We are better at retrieving some subjects from our memory than other things. Individuals base judgement on commonality and easier base strategies. For instance: due to relative ease of recalling words, we overestimate their frequency. We may remember more words that begin with letter “a” than that has “a” as a third letter.
Businesses use this strategy when locating retail stores within couple of blocks. To maximise traffic, the retailers need to be in the location that consumers got to when they search for a particular product or store. Consumers can learn the location of product or store and organise their minds accordingly.
Managers rely on social networks to identify potential of future employees. They use highly selective search and trust recommendations that come through people in a manager’s network. People in this group are more likely to be of similar background, culture and education as the manager himself. This results in low diversity and discrimination without conscious intention.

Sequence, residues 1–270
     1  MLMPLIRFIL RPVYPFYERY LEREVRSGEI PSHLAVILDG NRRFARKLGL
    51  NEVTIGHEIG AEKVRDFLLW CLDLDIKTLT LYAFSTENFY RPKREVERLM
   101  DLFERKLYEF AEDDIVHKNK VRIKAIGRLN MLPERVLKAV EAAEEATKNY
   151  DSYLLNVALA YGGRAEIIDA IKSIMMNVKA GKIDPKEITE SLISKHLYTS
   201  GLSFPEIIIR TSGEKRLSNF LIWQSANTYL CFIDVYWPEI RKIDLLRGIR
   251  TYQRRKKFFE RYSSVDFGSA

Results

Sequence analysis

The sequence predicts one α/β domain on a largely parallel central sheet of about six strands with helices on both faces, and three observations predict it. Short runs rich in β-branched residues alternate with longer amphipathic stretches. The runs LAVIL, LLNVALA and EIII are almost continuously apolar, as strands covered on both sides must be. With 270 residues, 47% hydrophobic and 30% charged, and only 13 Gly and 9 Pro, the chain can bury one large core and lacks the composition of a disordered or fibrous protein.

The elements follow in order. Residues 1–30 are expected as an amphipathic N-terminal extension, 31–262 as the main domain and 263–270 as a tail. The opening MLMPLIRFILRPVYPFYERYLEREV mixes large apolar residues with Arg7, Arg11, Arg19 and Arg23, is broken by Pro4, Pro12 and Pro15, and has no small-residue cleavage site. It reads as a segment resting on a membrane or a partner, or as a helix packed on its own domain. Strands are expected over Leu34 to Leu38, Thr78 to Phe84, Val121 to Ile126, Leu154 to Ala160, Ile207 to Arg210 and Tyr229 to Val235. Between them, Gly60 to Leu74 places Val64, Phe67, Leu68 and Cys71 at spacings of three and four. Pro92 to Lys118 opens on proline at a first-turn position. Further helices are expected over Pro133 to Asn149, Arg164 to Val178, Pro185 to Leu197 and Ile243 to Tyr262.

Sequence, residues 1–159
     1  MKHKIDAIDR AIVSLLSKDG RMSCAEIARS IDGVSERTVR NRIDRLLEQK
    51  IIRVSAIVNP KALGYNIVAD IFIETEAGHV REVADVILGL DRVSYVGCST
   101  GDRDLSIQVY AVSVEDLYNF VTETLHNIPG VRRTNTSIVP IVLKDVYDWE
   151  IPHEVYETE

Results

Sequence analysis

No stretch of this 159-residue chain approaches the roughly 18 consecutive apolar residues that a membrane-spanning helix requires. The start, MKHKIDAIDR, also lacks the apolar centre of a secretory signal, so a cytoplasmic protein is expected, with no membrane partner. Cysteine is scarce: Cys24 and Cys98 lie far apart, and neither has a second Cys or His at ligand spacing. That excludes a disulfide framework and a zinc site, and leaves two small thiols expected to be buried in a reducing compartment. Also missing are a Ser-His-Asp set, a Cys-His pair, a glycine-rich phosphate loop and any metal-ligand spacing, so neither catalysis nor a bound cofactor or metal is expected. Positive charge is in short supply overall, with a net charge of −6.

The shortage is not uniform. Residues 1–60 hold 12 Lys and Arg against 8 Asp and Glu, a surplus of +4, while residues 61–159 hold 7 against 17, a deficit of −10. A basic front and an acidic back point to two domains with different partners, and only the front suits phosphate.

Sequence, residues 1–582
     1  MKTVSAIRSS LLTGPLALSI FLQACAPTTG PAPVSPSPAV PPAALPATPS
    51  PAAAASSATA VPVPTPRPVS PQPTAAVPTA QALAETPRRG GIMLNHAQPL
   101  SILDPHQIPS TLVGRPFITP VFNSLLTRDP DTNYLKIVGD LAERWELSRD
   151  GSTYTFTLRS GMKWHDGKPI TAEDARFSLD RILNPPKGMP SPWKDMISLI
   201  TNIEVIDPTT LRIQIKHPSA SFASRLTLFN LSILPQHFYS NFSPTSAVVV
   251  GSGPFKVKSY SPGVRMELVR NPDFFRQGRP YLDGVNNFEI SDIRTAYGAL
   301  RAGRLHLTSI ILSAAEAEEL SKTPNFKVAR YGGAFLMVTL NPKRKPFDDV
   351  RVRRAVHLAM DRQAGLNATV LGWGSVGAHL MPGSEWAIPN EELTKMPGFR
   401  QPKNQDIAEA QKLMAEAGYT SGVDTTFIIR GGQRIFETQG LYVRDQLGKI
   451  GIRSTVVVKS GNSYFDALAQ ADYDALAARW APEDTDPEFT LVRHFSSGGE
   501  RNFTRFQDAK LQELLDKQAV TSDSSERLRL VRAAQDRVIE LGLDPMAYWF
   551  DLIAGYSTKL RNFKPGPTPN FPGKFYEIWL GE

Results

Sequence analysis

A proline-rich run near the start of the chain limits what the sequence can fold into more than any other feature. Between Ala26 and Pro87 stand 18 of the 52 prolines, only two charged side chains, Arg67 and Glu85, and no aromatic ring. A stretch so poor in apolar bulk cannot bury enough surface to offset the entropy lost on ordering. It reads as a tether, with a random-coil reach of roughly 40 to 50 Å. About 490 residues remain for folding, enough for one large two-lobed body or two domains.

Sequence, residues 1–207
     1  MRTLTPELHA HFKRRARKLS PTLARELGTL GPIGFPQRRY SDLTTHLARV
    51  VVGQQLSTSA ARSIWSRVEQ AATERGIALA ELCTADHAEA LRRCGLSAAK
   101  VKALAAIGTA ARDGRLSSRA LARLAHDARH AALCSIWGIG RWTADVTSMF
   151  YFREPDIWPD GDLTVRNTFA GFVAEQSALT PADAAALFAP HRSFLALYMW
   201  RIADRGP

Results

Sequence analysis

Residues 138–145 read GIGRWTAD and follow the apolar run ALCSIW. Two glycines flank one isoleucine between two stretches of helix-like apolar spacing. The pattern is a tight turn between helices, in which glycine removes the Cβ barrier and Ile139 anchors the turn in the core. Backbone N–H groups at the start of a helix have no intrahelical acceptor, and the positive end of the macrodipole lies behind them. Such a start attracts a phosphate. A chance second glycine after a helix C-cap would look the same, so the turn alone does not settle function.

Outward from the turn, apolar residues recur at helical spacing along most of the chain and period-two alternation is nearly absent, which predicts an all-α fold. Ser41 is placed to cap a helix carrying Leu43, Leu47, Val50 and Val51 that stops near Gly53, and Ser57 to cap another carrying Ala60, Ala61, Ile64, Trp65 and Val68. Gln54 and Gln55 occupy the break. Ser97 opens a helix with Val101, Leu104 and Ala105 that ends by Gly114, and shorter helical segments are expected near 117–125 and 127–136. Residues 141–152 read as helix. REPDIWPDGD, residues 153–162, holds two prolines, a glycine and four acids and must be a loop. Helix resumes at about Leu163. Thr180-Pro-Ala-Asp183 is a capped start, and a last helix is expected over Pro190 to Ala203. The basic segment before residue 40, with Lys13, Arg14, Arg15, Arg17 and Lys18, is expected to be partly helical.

Retrievability bias shows the misuse of availability heuristics. This can lead to systematic errors in managerial judgement. We easily assume that our available recollections are truly representative of large pool of events that exist outside of our range of experience.
We need to recognise when intuition leads us away from correct actions so that we can avoid the pitfall of selecting most mentally available option.
Bazerman, M.H. and Moore, D.A., 1994. Judgment in managerial decision making (p. 226). New York: Wiley.